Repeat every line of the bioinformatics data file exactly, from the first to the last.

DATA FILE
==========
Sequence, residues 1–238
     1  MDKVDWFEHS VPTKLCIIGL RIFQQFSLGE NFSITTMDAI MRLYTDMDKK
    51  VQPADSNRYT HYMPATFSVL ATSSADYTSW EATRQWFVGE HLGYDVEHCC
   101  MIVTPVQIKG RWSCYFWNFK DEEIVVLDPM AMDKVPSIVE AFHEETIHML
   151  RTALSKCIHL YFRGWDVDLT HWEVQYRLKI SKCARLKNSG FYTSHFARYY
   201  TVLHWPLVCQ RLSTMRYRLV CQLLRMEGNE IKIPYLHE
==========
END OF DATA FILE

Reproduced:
Sequence, residues 1–238
     1  MDKVDWFEHS VPTKLCIIGL RIFQQFSLGE NFSITTMDAI MRLYTDMDKK
    51  VQPADSNRYT HYMPATFSVL ATSSADYTSW EATRQWFVGE HLGYDVEHCC
   101  MIVTPVQIKG RWSCYFWNFK DEEIVVLDPM AMDKVPSIVE AFHEETIHML
   151  RTALSKCIHL YFRGWDVDLT HWEVQYRLKI SKCARLKNSG FYTSHFARYY
   201  TVLHWPLVCQ RLSTMRYRLV CQLLRMEGNE IKIPYLHE